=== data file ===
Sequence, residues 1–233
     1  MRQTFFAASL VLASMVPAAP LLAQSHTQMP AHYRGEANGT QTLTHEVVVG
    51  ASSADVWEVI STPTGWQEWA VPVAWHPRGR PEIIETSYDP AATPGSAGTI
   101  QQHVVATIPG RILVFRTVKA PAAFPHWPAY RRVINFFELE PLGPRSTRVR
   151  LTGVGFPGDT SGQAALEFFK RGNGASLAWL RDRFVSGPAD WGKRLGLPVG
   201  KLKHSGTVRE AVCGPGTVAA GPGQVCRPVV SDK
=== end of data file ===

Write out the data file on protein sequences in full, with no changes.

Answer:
Sequence, residues 1–233
     1  MRQTFFAASL VLASMVPAAP LLAQSHTQMP AHYRGEANGT QTLTHEVVVG
    51  ASSADVWEVI STPTGWQEWA VPVAWHPRGR PEIIETSYDP AATPGSAGTI
   101  QQHVVATIPG RILVFRTVKA PAAFPHWPAY RRVINFFELE PLGPRSTRVR
   151  LTGVGFPGDT SGQAALEFFK RGNGASLAWL RDRFVSGPAD WGKRLGLPVG
   201  KLKHSGTVRE AVCGPGTVAA GPGQVCRPVV SDK